Sexual harassment and violence against women in the workplace is not new—it has almost always been a problem for working women. Between 25% and 85% of women have experienced sexual harassment in the workplace. This doesn’t just mean unwelcome sexual advances or lewd comments. It may include unwanted touching, mocking someone’s appearance, displaying sexually explicit materials in one’s office, or even making sexual jokes in the workplace that make you uncomfortable.

Many victims of sexual harassment are terminated if they complain. Sometimes they become so uncomfortable at work that they feel they must resign. Sexual harassment is a form of employment discrimination. It is illegal! If you have been a victim of sexual harassment in the workplace, you may also be entitled to lost wages and other damages.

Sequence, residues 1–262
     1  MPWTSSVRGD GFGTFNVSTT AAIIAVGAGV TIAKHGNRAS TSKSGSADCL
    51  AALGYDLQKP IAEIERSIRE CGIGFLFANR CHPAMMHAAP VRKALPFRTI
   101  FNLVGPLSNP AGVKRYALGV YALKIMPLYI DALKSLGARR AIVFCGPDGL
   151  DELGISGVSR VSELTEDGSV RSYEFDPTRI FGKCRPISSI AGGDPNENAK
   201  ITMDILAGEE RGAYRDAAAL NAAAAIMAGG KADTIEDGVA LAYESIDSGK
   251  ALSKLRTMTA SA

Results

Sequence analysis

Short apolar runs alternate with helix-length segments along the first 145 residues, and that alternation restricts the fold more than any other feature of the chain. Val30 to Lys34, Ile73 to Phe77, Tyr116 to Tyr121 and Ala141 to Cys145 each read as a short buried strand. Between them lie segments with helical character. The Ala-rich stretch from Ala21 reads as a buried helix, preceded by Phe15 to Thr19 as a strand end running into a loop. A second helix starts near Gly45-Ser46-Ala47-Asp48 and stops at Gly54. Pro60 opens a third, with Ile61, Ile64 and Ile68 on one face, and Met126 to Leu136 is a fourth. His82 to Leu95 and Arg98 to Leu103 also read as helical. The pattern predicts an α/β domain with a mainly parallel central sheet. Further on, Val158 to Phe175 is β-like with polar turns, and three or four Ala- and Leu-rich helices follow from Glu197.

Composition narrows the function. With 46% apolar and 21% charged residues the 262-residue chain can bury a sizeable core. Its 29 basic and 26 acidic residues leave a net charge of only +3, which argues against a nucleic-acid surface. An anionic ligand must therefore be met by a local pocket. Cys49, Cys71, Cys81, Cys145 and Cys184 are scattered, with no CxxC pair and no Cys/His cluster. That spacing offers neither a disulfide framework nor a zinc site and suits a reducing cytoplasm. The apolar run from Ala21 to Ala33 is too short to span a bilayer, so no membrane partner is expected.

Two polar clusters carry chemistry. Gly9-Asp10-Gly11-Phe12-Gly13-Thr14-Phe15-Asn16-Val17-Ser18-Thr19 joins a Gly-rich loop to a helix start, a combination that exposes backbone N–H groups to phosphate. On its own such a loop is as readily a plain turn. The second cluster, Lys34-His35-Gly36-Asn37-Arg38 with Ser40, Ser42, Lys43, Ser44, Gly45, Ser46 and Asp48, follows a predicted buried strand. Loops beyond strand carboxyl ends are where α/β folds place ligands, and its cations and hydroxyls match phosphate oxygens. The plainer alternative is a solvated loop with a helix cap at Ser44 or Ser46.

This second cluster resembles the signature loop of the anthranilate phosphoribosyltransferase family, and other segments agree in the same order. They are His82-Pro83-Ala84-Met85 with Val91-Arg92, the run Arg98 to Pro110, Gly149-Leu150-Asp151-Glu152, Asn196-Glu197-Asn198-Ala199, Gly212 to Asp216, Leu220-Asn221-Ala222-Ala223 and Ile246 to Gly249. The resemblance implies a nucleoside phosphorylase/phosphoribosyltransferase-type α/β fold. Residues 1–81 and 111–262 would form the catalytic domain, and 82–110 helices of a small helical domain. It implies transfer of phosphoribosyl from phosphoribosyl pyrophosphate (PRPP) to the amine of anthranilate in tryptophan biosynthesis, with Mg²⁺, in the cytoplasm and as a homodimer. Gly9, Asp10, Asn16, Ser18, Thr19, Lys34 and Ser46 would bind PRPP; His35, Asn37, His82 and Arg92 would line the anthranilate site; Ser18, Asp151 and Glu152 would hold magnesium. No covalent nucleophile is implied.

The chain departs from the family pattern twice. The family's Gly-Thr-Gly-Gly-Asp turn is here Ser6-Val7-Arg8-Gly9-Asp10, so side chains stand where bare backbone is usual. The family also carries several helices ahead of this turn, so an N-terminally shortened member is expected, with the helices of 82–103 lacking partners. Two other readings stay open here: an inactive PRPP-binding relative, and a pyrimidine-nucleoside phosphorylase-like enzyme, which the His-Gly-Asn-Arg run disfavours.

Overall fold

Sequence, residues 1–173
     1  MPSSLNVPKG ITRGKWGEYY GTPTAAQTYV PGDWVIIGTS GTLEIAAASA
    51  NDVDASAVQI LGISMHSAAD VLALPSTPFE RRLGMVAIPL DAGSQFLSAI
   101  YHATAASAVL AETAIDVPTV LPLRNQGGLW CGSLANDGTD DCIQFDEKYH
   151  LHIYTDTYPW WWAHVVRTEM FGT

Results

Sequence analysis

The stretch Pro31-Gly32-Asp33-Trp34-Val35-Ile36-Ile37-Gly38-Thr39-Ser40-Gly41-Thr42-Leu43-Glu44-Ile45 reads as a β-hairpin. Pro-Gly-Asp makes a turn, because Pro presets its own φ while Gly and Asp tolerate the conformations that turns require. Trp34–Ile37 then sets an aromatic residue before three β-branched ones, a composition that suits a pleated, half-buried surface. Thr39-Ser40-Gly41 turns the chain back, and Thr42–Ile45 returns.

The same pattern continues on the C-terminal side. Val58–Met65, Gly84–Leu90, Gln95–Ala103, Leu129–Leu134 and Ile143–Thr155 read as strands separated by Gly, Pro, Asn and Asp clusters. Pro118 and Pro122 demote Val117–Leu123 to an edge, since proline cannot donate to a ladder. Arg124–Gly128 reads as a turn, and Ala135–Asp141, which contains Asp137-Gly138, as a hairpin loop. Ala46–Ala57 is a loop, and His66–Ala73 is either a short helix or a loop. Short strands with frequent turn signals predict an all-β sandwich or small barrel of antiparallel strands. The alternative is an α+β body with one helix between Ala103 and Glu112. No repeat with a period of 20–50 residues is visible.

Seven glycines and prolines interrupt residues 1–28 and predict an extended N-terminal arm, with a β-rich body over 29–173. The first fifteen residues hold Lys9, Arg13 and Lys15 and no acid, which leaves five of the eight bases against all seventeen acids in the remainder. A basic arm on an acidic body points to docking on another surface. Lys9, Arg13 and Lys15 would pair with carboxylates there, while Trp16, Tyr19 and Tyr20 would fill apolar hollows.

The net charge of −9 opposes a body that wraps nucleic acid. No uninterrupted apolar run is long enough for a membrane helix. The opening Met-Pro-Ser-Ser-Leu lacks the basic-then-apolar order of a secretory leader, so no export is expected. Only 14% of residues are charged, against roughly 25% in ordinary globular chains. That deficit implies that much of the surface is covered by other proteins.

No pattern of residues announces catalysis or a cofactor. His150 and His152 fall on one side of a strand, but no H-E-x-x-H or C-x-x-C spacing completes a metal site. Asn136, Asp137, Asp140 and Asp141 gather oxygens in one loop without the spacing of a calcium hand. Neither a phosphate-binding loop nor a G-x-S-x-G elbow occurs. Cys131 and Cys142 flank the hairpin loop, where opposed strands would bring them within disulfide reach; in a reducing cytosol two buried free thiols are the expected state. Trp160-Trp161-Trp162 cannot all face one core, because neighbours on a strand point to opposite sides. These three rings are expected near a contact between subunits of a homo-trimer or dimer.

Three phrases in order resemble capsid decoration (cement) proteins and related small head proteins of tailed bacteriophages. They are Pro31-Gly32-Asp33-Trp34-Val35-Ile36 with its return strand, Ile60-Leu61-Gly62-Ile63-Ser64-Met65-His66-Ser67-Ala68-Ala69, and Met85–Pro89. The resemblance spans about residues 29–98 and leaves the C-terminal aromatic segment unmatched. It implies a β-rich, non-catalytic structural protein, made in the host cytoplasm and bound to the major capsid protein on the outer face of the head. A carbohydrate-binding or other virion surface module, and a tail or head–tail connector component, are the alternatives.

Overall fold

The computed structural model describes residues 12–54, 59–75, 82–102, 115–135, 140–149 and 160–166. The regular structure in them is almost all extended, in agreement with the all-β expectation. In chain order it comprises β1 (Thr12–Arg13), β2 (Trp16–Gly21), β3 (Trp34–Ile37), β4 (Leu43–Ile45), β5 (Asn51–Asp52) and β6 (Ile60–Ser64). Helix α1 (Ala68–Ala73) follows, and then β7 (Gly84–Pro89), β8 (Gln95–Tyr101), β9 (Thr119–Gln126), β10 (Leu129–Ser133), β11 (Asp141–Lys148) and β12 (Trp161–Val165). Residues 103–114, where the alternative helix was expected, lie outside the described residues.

Reporting the harassment to a supervisor or human resources department can be an important step in ensuring that you have a case. However, if the person harassing you is your superior, reporting the harassment may be impractical—and, under the law, not necessary.

Documentation is critical to prove a case, especially in the form of recorded conversations or admissions. Photographs—especially of injuries—are helpful but, due to the delicate nature and the vulnerability of the internet, we strongly recommend discretion and caution. Statements from other victims or witnesses to the harassment or their own experiences are crucial.

Call or e-mail us to consider your options.